Praise for Khayelitsha detectives

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IOL  Khayelitsha SAPS charge office Independent Newspapers Inside the Khayelitsha SAPS charge office. File picture: Obed Zilwa

Cape Town - Detective work in Khayelitsha, Cape Town, is going well given the resources at hand, the station's detective unit head said on Wednesday.

“I think we're doing very well. I think if everybody puts in what he can put in, to his full potential, no one can fault you on that,” Site B Khayelitsha's head of detectives Colonel Johan Marais told the Khayelitsha Commission of Inquiry into alleged police inefficiency in the area.

“Yes, we do make mistakes. You can only do so much with what you have.”

The station had a wish list for more vehicles, personnel and experts.

Marais said he was not a politician but wanted to draw a vision of policing from the newspapers.

He compared the tripartite alliance of the African National Congress, the Congress of SA Trade Unions and the SA Communist Party, with the SA Police Service, the National Prosecuting Authority and the correctional services department.

“If we could work like that, without the split that is there now, we would have a much better criminal justice system and maybe the public would understand us better, and get more joy out of it 1/8the system 3/8.”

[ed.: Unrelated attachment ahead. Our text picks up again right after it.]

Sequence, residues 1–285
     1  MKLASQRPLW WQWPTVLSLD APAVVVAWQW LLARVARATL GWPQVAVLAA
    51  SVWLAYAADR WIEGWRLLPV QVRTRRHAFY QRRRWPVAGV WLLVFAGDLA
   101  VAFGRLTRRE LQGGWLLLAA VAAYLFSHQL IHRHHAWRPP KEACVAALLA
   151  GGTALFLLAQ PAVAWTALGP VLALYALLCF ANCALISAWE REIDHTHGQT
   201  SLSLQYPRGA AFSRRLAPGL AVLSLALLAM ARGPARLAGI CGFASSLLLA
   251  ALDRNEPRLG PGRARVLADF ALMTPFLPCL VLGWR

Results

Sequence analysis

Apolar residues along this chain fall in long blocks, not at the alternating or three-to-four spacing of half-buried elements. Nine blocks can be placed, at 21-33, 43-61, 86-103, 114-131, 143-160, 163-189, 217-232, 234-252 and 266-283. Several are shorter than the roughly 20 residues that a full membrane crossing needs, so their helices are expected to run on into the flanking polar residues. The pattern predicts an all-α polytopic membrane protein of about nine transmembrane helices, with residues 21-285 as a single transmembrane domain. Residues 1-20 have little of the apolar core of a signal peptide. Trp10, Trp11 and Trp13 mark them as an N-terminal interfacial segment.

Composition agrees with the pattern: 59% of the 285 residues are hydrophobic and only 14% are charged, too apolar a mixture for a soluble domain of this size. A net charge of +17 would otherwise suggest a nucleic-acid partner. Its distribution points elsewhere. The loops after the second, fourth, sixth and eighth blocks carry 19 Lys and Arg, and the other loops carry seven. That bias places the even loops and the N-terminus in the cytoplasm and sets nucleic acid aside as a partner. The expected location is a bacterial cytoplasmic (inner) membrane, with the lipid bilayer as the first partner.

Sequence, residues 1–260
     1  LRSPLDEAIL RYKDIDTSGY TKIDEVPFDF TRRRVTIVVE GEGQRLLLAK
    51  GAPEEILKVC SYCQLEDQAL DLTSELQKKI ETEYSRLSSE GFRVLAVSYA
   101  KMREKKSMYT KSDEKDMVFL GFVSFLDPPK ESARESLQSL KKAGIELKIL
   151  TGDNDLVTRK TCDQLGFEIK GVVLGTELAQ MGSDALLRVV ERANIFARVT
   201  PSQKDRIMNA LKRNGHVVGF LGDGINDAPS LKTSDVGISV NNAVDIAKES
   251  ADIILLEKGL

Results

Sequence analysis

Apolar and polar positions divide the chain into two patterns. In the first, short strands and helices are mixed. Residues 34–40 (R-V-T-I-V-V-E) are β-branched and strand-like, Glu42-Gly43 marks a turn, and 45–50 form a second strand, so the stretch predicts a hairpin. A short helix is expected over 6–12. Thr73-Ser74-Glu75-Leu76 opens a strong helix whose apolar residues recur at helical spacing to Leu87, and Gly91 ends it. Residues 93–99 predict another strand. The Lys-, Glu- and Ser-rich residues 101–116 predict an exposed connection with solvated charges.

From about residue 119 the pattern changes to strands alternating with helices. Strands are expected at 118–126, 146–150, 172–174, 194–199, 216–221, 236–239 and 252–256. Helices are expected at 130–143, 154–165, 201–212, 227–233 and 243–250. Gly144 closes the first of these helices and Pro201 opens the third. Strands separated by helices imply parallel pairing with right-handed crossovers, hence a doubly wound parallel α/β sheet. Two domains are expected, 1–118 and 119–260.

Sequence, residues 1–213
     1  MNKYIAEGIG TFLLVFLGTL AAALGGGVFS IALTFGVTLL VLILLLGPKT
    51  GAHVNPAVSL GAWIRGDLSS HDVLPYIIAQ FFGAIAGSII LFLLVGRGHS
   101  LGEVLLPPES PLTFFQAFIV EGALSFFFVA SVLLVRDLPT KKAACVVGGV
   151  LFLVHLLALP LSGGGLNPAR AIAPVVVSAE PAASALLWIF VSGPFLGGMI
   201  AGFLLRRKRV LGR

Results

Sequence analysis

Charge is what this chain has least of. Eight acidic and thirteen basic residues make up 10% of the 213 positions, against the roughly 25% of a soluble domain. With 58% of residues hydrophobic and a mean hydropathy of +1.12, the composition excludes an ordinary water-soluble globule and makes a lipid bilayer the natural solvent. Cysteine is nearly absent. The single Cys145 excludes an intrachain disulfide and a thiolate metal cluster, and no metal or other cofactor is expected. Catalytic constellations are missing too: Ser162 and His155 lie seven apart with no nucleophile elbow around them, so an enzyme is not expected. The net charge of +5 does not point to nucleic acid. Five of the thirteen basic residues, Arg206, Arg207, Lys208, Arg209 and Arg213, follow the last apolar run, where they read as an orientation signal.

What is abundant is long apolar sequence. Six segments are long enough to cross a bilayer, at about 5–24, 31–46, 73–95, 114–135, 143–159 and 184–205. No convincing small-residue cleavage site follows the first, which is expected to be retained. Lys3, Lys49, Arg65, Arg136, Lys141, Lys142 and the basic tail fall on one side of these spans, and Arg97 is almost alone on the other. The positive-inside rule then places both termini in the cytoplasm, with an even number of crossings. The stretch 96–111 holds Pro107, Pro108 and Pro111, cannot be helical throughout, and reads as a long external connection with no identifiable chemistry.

Marais was asked what he thought of the performance charts within stations, which tracked a detective's cases at court, conviction rate, detection rate, court-ready cases, case number integrity and absenteeism.

“Personally, I think nothing of the performance chart because it only measures about 10 percent of what the person does in a day,” he said.

Marais said the chart did not measure the amount of time detectives spent in the high court, the number of identification parades held and attended, the number of times witnesses had been fetched and the time spent at imbizos and meetings after hours.

“Is there any recognition in the performance chart of the burden you're carrying?” asked retired Constitutional Court judge Kate O'Regan.

Marais said there was not.

The inquiry heard that two detectives on standby duty, from a Thursday to a Sunday, often had to attend, secure and process an average of seven murder scenes.

He gave an example of a certain weekend where the detectives had to rush from a scene to two other scenes after hearing gunshots, all in the space of five blocks that were inaccessible by car.

Each scene took an average of three to four hours to process.

“I know what was put into those crime scenes,” Marais said.

The inquiry - headed by O'Regan, and advocate Vusi Pikoli - was set up by Western Cape premier Helen Zille after residents lodged complaints about police inefficiency, which was the apparent cause of a spate of mob justice killings in the area.

Sapa



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